Kevin Bulgrien | 7 Aug 06:31 2009
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Bug 2789515: output-count broken since 1.11 server

For those interested, see the SF tracker:

https://sourceforge.net/tracker/index.php?func=detail&aid=2789515&group_id=13833&atid=113833

This is fair warning that the server support for output-count and output-sync
functions is about to be removed rather than fixed.

Ragnor states that jxclient already implements message folding in the client.

After looking over the server code, it seems quite clear to me that mwedel's
suggestion to move it to the client is a good idea.

My plan at the moment is to have the server continue to save the output_count
and output_sync fields to the player file, but to otherwise completely remove
references to any of the code and declarations that supported the facility.
The player save function would simply write the old defaults in to the player
file so that an older server would run sanely on the player file even if it
had been saved by the modified server.  A comment will be placed there saying
that this should/could be removed when the server goes 2.x.

Comments welcome.  The changes are sitting in my SVN checkout, but I'll hold
back a bit in case there is any life out there that cares.

Kevin
Juha Jäykkä | 7 Aug 12:24 2009
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Re: Bug 2789515: output-count broken since 1.11 server

> After looking over the server code, it seems quite clear to me that
> mwedel's suggestion to move it to the client is a good idea.

Do you have any idea how this affects the latency on longer network links and 
when there are huge numbers of messages flowing? The output-count helped me a 
lot sometimes.

> Comments welcome.  The changes are sitting in my SVN checkout, but I'll
> hold back a bit in case there is any life out there that cares.

Contrary to you expectations, someone answered? =)

-Juha

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Kevin Bulgrien | 8 Aug 00:44 2009
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Re: Bug 2789515: output-count broken since 1.11 server

> > After looking over the server code, it seems quite clear to me that
> > mwedel's suggestion to move it to the client is a good idea.
> 
> Do you have any idea how this affects the latency on longer network links and 
> when there are huge numbers of messages flowing? The output-count helped me a 
> lot sometimes.

I cannot say, but the SF tracker contains mwedel's comments to the effect that
the network bandwidth used by the messages is pitifully small compared to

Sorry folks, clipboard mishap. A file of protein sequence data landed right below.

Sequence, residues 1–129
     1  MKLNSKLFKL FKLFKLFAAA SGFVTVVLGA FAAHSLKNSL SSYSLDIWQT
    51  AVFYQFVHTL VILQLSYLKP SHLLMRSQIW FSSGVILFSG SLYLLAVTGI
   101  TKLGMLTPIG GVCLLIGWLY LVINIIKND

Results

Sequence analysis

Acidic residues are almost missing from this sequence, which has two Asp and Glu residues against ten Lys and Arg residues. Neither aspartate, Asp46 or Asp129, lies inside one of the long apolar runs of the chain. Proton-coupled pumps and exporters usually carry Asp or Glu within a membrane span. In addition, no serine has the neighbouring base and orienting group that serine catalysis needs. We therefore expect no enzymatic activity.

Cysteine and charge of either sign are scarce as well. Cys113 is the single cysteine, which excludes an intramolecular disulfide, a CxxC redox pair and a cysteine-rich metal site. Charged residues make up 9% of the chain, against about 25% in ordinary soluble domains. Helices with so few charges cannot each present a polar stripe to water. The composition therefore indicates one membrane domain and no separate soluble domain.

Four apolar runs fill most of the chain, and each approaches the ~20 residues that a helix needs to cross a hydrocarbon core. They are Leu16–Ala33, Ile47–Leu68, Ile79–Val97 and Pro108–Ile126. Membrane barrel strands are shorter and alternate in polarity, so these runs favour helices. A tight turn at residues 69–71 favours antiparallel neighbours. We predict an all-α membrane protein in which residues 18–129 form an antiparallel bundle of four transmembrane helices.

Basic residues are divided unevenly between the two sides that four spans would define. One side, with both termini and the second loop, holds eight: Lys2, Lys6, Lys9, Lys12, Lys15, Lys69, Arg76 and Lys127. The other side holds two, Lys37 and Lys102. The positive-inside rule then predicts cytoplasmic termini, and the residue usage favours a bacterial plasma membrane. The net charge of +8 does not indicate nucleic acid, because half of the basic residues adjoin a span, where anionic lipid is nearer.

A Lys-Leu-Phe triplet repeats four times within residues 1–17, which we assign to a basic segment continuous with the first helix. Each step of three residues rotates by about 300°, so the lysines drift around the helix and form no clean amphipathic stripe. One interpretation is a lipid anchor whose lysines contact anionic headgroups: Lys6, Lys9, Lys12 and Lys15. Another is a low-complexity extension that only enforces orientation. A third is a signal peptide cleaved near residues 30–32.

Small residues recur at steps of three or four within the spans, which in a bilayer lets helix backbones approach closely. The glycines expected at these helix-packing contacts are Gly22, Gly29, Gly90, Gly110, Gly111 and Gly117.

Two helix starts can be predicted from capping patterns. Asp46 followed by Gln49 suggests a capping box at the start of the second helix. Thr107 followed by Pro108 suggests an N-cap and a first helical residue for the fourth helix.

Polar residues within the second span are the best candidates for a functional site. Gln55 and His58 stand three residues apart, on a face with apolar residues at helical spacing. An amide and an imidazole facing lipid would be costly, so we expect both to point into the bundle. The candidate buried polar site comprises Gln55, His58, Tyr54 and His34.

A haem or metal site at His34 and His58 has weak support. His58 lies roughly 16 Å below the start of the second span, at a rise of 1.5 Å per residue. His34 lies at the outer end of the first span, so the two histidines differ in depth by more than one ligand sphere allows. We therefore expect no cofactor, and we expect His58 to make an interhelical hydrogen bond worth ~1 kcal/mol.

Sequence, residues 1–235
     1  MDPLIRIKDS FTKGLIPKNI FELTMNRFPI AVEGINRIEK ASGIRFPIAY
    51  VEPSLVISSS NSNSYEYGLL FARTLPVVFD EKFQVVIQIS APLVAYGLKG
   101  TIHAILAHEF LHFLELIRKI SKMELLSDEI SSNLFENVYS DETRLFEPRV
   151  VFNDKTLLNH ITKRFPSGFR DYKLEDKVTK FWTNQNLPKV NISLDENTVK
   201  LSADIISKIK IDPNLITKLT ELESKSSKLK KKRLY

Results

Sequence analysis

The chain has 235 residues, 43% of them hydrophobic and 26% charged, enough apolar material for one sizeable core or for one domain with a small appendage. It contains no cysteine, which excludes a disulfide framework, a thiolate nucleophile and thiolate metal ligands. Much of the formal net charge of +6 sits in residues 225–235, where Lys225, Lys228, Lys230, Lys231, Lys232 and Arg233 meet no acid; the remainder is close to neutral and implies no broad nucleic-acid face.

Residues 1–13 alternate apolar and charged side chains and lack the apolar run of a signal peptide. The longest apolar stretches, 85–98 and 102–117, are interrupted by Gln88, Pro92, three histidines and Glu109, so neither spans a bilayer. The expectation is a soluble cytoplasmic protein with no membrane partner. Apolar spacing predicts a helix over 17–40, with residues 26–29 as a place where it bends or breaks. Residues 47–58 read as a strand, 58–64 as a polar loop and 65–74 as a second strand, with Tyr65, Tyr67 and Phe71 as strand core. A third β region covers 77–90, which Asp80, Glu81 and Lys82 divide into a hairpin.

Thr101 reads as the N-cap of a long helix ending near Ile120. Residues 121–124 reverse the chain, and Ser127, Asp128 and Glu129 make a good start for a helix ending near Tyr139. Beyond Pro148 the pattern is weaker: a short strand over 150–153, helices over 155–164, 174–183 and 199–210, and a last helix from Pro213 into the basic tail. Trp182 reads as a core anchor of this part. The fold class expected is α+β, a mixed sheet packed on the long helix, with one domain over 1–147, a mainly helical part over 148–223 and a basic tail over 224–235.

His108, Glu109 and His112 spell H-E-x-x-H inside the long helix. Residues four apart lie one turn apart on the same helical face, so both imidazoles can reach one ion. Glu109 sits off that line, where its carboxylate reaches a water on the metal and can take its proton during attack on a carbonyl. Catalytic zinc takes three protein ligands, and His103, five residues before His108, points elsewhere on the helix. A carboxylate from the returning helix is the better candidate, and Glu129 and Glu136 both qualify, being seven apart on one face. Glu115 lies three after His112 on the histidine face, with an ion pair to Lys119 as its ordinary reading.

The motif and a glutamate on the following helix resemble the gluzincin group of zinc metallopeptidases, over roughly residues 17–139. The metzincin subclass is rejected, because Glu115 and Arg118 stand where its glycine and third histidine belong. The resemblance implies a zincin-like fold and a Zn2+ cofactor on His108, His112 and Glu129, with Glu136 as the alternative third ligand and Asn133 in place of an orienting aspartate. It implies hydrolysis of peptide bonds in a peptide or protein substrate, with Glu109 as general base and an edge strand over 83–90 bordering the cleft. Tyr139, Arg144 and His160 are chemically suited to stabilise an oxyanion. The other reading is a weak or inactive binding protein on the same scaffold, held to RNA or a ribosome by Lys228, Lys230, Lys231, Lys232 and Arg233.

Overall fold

other components of the traffic content.  While I am not sure that the comments
really take everything into consideration, I didn't really stop to think that
much about it either after I saw the number of conditions that were designed to
avoid use of the output buffers.  Still, there is that side that must admit that
when I did not have a DSL connection, though I was able to play crossfire, it
seems to me that I used to experience lag more often than I do now.  Some of it
was definitely not caused by output-count/sync issues, but I cannot say I could
be so definite about some of it actually being related to it.

Also, the output-sync/count facility appeared to only be expected to work under
some conditions.  I cannot say I fully followed the logic while looking at the
code because it was very convoluted and appeared to have been so quite some time
- notwithstanding it was broken the first time I looked at it.

A part of me would like to fix it... but probably mostly along the lines that it
is annoying when working code is broken because someone rewrites something, and,
because crossfire always given the impression of being network link intensive.
I may have given it a go if I felt more adept with svn.  Also, now that I have
DSL and it lets me be less concerned about speed, and as so few people seem to
play via internet (by the metaserver status), it did not occur to me to argue
long and loud against the suggestion to remove the code from the server.
(Continue reading)

Mark Wedel | 8 Aug 03:02 2009
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Re: Bug 2789515: output-count broken since 1.11 server


  As the original write of the output sync, here is some background and my thoughts.

  That code was originally put back in before the client/server split.  At that 
time, any control of messages had to be done is the server - there was no client 
to do that task.  This really makes it a bit of legacy code.

  I have a feeling if that code never existed and someone today suggested adding 
code to the server to collapse messages, most all the devs would say no way - do 
it in the client.  The fact that the code already exists in legacy form really 
shouldn't change the decision making process much.

  No one has ever done an analysis on how much bandwidth different aspects of 
the protocol consume.  My gut feeling is that in general play, it is the map 
updates that take the most, but inventory/floor updates could take a 
considerable amount of bandwidth in certain circumstances (depending on how much 
stuff is on the floor or in inventory).

  Analysis of the messages is a bit easier than most - one could take an 
expected number of messages per second times an average size, and get pretty 
close to actual bandwidth uses (there is some overhead in the protocol, so maybe 
add 10 bytes for that).  So if you say that you might get 50 messages/second, 
and each is 50 bytes (including that overhead), that is 2500 bytes/second (or 25 
Kb/sec).  If you're on a 56Kb modem, that is a big hunk.  If you're on any form 
of broadband, that is trivial.  Now a harder question would be how much would 
the output sync reduce that to, and that would involve a lot more assumptions or